Hundreds of Cases Impacted By Drug Analyst's Resignation
Nearly 200 drug cases could be affected after Brenda Frazier was found to not be following proper protocol.
The police department in Columbia, S.C. is receiving plenty of press after their only drug analyst resigned when it was revealed that she wasn’t following proper protocol.
Nearly 200 criminal drug cases in which her tests were crucial evidence could be affected. A department review revealed last week that Brenda Frazier hadn’t been following standardized procedures to make sure her testing results were accurate or to even determine what kind of drugs were being tested. She had done testing for 746 cases since 2011 and testified in court numerous times.
Defense lawyers in the city applauded the police department for owning up to the error, but said it could have major ramifications for their court system in the coming months. “This is serious – her job is important. Her drug tests can put people away for five, 10, 15 years,” said Columbia defense lawyer Jack Swerling. “The fact that she was involved in upwards of 1,000 cases is very significant, particularly for people who may have been convicted on the basis of faulty drug analyses. This is going to open up the door for people to challenge all her old cases, too."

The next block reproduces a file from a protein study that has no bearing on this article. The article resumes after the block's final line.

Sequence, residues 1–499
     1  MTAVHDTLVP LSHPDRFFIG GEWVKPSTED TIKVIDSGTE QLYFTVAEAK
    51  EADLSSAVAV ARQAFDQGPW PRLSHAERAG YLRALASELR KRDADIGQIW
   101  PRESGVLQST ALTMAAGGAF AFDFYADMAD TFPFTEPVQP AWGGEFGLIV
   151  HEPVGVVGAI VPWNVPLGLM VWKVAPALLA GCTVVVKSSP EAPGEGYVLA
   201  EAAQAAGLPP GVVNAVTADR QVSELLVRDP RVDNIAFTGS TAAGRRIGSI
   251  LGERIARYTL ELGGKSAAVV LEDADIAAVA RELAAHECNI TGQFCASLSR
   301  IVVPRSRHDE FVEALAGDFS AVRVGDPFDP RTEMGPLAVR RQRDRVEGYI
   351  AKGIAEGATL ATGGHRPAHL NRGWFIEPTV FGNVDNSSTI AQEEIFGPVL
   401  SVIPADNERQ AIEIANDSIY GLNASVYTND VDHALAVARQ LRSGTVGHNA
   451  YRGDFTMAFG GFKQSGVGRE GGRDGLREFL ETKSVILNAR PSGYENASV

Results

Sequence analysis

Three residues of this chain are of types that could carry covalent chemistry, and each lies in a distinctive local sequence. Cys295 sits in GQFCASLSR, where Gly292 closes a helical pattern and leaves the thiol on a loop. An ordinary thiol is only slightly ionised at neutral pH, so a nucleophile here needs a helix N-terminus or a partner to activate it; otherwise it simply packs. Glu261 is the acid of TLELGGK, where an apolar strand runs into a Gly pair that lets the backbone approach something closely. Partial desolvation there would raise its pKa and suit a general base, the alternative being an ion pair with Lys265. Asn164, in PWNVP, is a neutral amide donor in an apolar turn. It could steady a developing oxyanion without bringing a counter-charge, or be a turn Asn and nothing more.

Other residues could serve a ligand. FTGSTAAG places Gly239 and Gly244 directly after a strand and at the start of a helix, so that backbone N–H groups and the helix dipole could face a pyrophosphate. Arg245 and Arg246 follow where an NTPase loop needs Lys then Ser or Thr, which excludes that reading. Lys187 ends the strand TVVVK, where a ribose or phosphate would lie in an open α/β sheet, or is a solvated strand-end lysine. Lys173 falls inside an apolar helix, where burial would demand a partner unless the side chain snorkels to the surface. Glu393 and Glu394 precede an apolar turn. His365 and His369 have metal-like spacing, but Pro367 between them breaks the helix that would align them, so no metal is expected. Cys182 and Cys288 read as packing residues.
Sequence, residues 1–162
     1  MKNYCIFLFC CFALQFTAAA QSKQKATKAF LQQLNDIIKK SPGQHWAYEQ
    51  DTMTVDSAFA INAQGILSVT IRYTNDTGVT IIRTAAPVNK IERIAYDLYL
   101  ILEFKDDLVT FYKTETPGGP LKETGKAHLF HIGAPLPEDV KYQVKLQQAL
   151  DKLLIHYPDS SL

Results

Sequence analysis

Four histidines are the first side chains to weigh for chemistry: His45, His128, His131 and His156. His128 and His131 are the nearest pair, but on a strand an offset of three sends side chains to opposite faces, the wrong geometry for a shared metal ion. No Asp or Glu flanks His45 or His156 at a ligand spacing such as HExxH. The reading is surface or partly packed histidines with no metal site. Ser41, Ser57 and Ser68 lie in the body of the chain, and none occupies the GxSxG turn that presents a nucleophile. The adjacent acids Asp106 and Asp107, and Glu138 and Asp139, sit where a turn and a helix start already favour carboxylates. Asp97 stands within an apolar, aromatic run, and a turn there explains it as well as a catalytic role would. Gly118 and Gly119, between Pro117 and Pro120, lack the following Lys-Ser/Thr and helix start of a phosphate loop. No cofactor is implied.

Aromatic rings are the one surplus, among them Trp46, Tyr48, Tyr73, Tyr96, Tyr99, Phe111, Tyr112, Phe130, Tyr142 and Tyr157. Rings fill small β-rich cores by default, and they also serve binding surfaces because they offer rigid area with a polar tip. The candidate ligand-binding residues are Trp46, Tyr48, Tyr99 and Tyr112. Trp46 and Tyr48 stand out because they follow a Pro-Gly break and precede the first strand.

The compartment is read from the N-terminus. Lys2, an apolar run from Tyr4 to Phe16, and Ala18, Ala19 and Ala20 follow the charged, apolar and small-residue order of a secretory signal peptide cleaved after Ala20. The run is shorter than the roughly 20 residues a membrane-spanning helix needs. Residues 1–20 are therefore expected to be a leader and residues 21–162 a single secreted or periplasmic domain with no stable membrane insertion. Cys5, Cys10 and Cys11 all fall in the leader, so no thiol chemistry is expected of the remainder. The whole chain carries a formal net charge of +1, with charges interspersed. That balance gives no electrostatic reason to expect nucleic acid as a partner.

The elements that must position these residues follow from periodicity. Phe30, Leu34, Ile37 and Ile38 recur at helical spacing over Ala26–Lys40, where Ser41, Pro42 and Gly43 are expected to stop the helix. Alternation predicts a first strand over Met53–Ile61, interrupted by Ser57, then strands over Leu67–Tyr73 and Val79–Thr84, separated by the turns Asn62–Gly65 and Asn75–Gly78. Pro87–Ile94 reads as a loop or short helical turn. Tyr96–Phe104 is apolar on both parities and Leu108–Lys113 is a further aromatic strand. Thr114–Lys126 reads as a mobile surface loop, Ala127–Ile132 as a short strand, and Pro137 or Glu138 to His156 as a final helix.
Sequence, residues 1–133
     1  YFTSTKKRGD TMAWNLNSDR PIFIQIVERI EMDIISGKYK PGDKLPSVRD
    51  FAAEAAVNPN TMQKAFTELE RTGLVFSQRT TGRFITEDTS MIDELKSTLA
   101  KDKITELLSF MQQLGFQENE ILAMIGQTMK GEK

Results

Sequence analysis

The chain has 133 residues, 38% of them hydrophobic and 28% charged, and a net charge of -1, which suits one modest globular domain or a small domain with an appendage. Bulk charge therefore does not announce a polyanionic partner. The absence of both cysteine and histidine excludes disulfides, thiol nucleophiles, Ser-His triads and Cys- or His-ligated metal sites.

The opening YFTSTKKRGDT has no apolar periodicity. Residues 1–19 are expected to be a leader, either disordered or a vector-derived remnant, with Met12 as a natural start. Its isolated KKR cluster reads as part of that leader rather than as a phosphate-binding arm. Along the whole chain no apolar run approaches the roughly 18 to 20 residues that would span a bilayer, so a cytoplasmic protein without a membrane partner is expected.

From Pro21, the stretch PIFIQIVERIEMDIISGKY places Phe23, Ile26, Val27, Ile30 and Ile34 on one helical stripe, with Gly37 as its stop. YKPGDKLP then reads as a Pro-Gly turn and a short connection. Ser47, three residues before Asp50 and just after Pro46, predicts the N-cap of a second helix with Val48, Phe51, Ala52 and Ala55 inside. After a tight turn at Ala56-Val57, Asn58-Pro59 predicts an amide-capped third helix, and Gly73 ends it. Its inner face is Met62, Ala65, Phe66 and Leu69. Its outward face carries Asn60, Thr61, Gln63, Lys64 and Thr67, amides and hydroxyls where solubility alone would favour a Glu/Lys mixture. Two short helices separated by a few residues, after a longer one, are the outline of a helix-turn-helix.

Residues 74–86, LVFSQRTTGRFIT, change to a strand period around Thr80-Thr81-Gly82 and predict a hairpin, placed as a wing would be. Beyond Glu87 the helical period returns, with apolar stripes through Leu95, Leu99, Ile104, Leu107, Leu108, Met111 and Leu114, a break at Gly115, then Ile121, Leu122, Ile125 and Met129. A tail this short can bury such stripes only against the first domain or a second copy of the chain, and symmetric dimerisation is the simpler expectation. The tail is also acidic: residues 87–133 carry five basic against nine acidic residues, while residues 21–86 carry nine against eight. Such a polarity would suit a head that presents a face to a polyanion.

Columbia Police Chief Skip Holbrook said it was still unclear how many wrongful convictions came from Frazier not following proper protocol or if anyone was sent to prison because of her. He confirmed that neighboring labs stopped working with her last February because she was unwilling to follow accepted methodologies.
“Some time after that, I made the decision that at this time these deficiencies were insurmountable, and we need to shut down all operations and revisit what the future of our lab would be,” he said.